The Missing Sister by Dinah Jefferies - book review: Suspicion, intrigue and danger are never far away

A young woman’s hunt for her missing sister in 1930s Burma takes her deep into the dangerous heart of a 25-year-old mystery… and into the febrile atmosphere of a restless country eager to throw off its colonial rulers.

By Pam Norfolk
Tuesday, 23rd April 2019, 3:29 pm
Updated Tuesday, 23rd April 2019, 3:34 pm
The Missing Sister by Dinah Jefferies
The Missing Sister by Dinah Jefferies

Prepare to have your senses well and truly ignited in the sweeping, sun-drenched new novel from master storyteller Dinah Jefferies, much-loved author of a string of atmospheric historical romances set in some of the world’s most exotic locations during the mid-20th century.

Jefferies, who grew up in British-controlled Malaya, has become the queen of colonial climes, filling the pages of her novels with lush descriptions of the people, the places and their awe-inspiring landscapes whilst delivering exquisitely observed, sensual stories of powerful emotional intensity.

Since her first novel, The Separation, was published five years ago, Jefferies has fast become a highly popular, best-selling author, penning powerful and thrilling novels that reflect her own experiences in a British colonial family.

From the heat and tensions of Malaya, where she was born and spent her early years, to the exotic beauty of colonial Ceylon, the tumult of Vietnam in the 1950s, and the centuries-old traditions of India, Jefferies has brought us exciting stories steeped in the amazing landscapes of faraway countries on the cusp of seismic changes.

In The Missing Sister, we are whisked away to the oppressive heat and glittering colours of Rangoon in 1936, the city ‘where dreams were made’ but also a place where East meets West, where resentment simmers, where gossip is rife, and where secrets fester in dark and dangerous quarters.

It’s 1936 and 23-year-old Belle Hatton has left her home in Gloucestershire for an exciting new life far from home. A glamorous job as a nightclub singer awaits her in Rangoon and she is looking forward to making new friends.

But Belle has another reason to travel to Burma… she is haunted by a mystery from the past. When her father died a year ago, she found some 25-year-old newspaper clippings among his belongings, revealing that her parents were leaving Rangoon after the disappearance of their baby daughter, Elvira, from her pram in the garden.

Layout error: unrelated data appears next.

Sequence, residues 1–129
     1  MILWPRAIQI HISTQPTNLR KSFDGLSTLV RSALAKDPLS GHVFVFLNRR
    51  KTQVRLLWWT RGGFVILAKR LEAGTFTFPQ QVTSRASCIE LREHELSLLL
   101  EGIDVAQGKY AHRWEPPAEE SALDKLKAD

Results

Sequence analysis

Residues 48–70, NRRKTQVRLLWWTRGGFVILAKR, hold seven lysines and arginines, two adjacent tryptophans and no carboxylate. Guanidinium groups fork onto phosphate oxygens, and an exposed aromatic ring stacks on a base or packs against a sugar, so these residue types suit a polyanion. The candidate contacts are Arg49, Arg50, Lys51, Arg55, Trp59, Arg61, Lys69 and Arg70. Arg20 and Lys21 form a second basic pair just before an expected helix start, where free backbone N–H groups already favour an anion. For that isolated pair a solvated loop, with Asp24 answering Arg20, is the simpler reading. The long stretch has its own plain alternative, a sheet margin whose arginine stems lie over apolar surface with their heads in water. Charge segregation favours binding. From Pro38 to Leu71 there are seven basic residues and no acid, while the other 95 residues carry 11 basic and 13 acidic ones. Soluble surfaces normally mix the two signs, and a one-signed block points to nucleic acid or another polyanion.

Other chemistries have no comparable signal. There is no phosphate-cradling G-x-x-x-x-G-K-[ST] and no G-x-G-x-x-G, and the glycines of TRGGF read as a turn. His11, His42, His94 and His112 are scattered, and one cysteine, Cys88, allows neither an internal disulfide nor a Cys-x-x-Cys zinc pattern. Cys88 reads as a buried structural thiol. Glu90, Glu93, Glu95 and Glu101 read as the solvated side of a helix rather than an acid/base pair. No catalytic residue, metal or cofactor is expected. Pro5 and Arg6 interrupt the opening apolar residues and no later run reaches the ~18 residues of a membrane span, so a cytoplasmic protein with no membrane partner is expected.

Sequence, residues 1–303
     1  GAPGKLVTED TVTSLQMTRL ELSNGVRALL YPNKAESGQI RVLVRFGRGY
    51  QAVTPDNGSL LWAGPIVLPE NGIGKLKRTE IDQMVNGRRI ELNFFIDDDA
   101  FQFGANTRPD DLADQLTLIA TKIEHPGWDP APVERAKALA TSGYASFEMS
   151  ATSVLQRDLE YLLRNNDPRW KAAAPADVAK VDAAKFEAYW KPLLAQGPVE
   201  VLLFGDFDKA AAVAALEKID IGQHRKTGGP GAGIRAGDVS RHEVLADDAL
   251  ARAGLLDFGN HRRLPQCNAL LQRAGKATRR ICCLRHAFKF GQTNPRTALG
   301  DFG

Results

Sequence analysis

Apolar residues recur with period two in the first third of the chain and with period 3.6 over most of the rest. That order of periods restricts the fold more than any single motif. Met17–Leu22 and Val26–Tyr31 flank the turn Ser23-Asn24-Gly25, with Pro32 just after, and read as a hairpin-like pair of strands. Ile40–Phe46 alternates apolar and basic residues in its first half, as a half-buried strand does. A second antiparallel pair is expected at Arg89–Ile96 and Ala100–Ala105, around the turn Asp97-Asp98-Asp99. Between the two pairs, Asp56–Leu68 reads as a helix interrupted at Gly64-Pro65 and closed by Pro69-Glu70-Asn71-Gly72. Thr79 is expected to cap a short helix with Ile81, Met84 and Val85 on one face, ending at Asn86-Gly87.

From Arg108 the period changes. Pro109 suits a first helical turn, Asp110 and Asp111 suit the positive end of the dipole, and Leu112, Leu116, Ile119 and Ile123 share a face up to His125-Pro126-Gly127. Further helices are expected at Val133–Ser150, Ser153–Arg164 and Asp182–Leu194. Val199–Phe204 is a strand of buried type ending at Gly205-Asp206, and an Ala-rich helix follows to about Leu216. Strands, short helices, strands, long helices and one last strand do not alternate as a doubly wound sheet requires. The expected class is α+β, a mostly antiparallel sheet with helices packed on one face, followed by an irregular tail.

Belle settles into her new life and makes some sophisticated and influential friends, but she remains desperate to find out what happened to the sister she never knew she had. And when she starts asking questions, she is confronted with unsettling rumours, malicious gossip, and outright threats.

Oliver Donoghue, a handsome, easy-going American journalist who reckons that ‘the days of the British are numbered,’ promises to help her, but an anonymous note pushed under the door of her room warns her not to trust those closest to her.

As unrest erupts all around her, Belle survives riots, intruders, and bomb attacks, but nothing will stop her in her mission to uncover the truth of her parents’ lives in Rangoon. Can she trust her growing feelings for Oliver, is her sister really dead, and could there be a chance Belle might find her?

Reading The Missing Sister is like taking a gripping trip back in time to the historic heart of Burma in the turbulent 1930s as civil disobedience grows and angry students rebel against the imposition of British colonial rule.

Against this fascinating social and political backdrop, Jefferies weaves a vibrant story brimming with mystery, emotion, secrets, suspense and romance as Belle sets out to uncover the truth of her sister’s disappearance, and work out just who she can trust.

Using a dual narrative, which allows readers revealing glimpses into the life of Belle’s troubled mother Diana, this compelling and meticulously researched story offers striking and moving insights into the impact, and repercussions, of mental breakdown.

Suspicion, intrigue and danger are never far away but once again, it is the landscape rendered so breathtakingly real and vital that lingers long in the memory. From the show-stopping splendour of Rangoon’s gold-coated Shwedagon Pagoda and the spectacular beauty of the Irrawaddy River, to the ringing of ancient temple bells and the scent of jasmine hanging in the air, this is a country brought to glorious life by a masterful storyteller.

(Penguin, paperback, £7.99)